Nightmare Alley is merciless. It’s not really a horror movie, and it’s not really a thriller. It’s basically a film noir, but one without a “macguffin” – the thing that everyone in the story wants but not really what the movie is about. It is unsparing in its depiction of disreputable people doing disreputable things. It’s a lot like the “geek show” we see near the beginning of the film in which a man bites the head off a live chicken.

What Nightmare Alley lacks in compelling characters it makes up in mood and production design. As usual, Guillermo del Toro has crafted a beautifully macabre movie world. It’s all Streamline Moderne style. The carnival setting in the first half of the film is decrepit, like all traveling carnivals, but it’s highlighted by Moderne touches like fine neon tubes on the carnival gateway or the warp of an electric chair gag. Once the story moves to the city, the settings become more polished, and there are more of those Streamline Moderne flourishes. In moments when the story sags and in moments when awful things suddenly happen, those embellishments keep your eyes glued to the screen.

I wanted to spend more time in this narrative world, because it was beautiful to look at, and because the story would have benefitted from more time spent with this cavalcade of characters. Nightmare Alley is two and half hours long, but everything in it still feels abbreviated. With the exception of Cate Blanchett’s “Lilith” (a neon tube), no one’s motivations are clear. It’s not that you don’t understand what people are doing. It’s the “why” that gets lost. Rooney Mara, Toni Collette, and David Strathairn especially do a great job of communicating depths to their characters that the screenplay does not plumb.

Bradley Cooper is at the center of this story, playing Stanton Carlisle and attempting more accents than the cast of House of Gucci. I think at one point he tries “Southerner with a cold” for a while. In many ways, he’s a classic film noir character – a man with a dark past on the run trying to survive getting caught up with all the wrong people. This could have been a case of the events slowly revealing more of this con man who is so good at knowing the desires and fears of others that he is ignorant of his own psyche. It could have been, but the revelations about his character’s past—and really, using the term “revelation” is a bit of a stretch—are so ham-fisted, it’s difficult to believe them. For a movie that is in many ways about psychology, it’s all rather flimsy.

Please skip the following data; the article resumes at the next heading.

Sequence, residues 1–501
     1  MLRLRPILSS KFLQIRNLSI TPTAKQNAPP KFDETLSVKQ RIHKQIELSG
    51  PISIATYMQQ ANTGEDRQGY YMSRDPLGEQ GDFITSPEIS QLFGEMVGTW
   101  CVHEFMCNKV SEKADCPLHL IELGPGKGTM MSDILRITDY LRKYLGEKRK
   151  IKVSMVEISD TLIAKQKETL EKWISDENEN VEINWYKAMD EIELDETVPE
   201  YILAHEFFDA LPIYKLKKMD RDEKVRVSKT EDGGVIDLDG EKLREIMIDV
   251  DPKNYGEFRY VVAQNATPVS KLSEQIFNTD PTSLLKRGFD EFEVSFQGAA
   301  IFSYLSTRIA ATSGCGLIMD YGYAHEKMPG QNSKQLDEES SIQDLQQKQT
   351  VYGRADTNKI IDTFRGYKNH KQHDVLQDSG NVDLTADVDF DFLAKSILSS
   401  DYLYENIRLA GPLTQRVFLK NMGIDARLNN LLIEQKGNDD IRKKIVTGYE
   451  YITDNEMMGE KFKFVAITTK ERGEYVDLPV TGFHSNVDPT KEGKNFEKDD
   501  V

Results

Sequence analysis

del Toro has always been at his best when he lets symbolism rule the day. He excels at finding the unsettling and exciting aspects of the more spiritual or mythological aspects of how people make sense of the world. The point of Nightmare Alley, if there is one, is that all that symbolism is bunk; people are, at best, rubes, and likely just beasts willing to do anything to dominate others; and the only freedom is found in owning up to our inherent monstrosity. Yeah, sure, we’re all sinners, we’re all fearful and apt to be taken in by con artists, and symbolism can be used disingenuously. But, mercy, that’s not all there is to us.

I am wary of making the classic mistake of equating the depiction of a depraved man as an endorsement of the things he does and believes. There is a way to see Nightmare Alley as a kind of Twilight Zone-esque comeuppance for Stanton and men like him who believe and act as he does. That is likely the intent of this film. But that allegorical take is boring compared to the more metaphysical, reaching-for-the-transcendent stories del Toro has told us before. The allegory also doesn’t fix the film’s character and pacing problems.

Myth trumps polemic, because myth accomplishes with greater and more persistent power what the polemic attempts. Myth invites you to believe in something stronger than what the polemic tears down, and myth has room for more than just judgement. Myths can set justice side-by-side with mercy and watch the centripetal force between the two whirl us off into unimaginable places, beyond the carnival and into the heavens from whence justice and mercy come. I know that, in part, because Guillermo del Toro has shown me that in the past with as much force as any filmmaker ever. I anticipate him showing me that again.


I recently wrote a short book about Guillermo del Toro and his films. If you would like that book, you can download it for free here.

Portrait of Fuller Seminary alum Elijah Davidson

Elijah Davidson is Co-Director of Brehm Film and Senior Film Critic. Find more of his work at elijahdavidson.com.

The primary point of view in West Side Story is that of a wrecking ball, like the inverse of below-the-water shots that begin Jaws. Death is coming, this time from above.